Manchester United manager Jose Mourinho is believed to have close relations with Real Madrid manager Florentino Perez despite being sacked four years ago. However, the Portuguese tactician is furious with his former club over James Rodriguez transfer deal, according to reports in Spain.
The major reason for the rift is David de Gea, who has been the transfer target for Real Madrid since 2014. The Spanish international has been constantly linked with a move to Santiago Bernabeu over the past three years and was very close to moving to the Spanish club in the summer of 2015.
But, then manager Louis van Gaal have managed to keep hold of the player in the dying hours of the transfer window even after receiving an offer from Real Madrid. It is widely believed that de Gea could be on a move to Spain to replace Keylor Navas as Real Madrid’s No.1 next season.
On the other hand, James Rodriguez is expected to leave Real Madrid this summer after managing a mere 1800 minutes of playing time and mainly being used as a substitute for the course of the season. The Colombia have started two consecutive games only once so far this season and reports from Colombia last week suggested that he could be on his way to Old Trafford in the summer.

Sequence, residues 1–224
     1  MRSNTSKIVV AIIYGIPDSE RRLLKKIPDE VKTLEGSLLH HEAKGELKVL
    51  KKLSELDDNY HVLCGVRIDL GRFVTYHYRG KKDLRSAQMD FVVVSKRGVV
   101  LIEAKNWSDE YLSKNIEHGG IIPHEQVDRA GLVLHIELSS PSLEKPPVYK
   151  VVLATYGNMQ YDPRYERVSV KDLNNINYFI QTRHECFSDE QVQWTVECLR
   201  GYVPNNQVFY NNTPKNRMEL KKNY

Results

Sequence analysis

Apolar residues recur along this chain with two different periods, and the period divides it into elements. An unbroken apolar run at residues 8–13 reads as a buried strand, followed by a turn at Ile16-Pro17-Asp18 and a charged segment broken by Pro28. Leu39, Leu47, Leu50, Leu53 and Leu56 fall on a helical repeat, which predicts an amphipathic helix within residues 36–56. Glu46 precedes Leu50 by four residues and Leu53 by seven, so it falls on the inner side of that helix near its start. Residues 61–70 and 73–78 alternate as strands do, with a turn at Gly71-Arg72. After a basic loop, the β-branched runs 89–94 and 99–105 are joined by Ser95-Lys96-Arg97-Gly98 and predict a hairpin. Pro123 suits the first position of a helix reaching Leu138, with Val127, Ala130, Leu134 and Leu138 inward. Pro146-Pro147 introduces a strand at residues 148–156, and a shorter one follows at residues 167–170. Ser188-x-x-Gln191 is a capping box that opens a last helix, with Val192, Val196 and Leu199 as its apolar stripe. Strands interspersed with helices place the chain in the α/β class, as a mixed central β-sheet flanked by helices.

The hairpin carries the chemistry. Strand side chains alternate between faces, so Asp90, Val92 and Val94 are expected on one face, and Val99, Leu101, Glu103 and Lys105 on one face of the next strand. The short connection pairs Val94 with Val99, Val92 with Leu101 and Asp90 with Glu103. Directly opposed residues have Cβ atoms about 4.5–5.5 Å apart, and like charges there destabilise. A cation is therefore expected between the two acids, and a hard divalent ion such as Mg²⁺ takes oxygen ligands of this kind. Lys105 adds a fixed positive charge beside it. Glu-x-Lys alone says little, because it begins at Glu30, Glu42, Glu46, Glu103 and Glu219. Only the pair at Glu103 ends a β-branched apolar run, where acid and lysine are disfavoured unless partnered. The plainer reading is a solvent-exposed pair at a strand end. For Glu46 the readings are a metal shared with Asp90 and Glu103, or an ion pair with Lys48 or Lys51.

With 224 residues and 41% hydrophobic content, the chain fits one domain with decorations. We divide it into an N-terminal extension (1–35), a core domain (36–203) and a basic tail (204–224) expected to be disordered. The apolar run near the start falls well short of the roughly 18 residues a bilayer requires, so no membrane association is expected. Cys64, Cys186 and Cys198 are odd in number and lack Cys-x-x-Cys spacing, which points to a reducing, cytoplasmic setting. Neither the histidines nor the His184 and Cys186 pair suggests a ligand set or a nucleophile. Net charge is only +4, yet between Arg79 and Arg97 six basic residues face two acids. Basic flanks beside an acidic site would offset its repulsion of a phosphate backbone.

Spanish outlet Diario Gol suggested that Mourinho was furious with Real Madrid hierarchy for their attempts to get the Spaniard using James Rodriguez.
Jose Mourinho have reportedly told Perez: “Do you take us for fools?”
Manchester United are not keen to get him in a swap deal for their No.1 as the Red Devils are not keen to let de Gea leave in the summer. The club is also willing to pay £50million to land Colombian.
If David de Gea leaves Old Trafford in the summer, Manchester United are believed to line up a number of replacements. Inter Milan’s Samir Handanovic is considered as a favorite as the 33-year old has been in spectacular form in Italy this season.
Other replacements also include AC Milan’s Gianluigi Donnarumma and Atletico Madrid’s Jan Oblak, who are also considered two of the best in Europe.